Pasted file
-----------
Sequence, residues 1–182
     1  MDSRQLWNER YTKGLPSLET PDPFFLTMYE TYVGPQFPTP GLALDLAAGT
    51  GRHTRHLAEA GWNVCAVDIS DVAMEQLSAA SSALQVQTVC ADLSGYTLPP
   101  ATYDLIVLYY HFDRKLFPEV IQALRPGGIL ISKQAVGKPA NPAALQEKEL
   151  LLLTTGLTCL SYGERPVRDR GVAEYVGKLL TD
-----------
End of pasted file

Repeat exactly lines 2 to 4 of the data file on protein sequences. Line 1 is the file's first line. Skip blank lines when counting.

     1  MDSRQLWNER YTKGLPSLET PDPFFLTMYE TYVGPQFPTP GLALDLAAGT
    51  GRHTRHLAEA GWNVCAVDIS DVAMEQLSAA SSALQVQTVC ADLSGYTLPP
   101  ATYDLIVLYY HFDRKLFPEV IQALRPGGIL ISKQAVGKPA NPAALQEKEL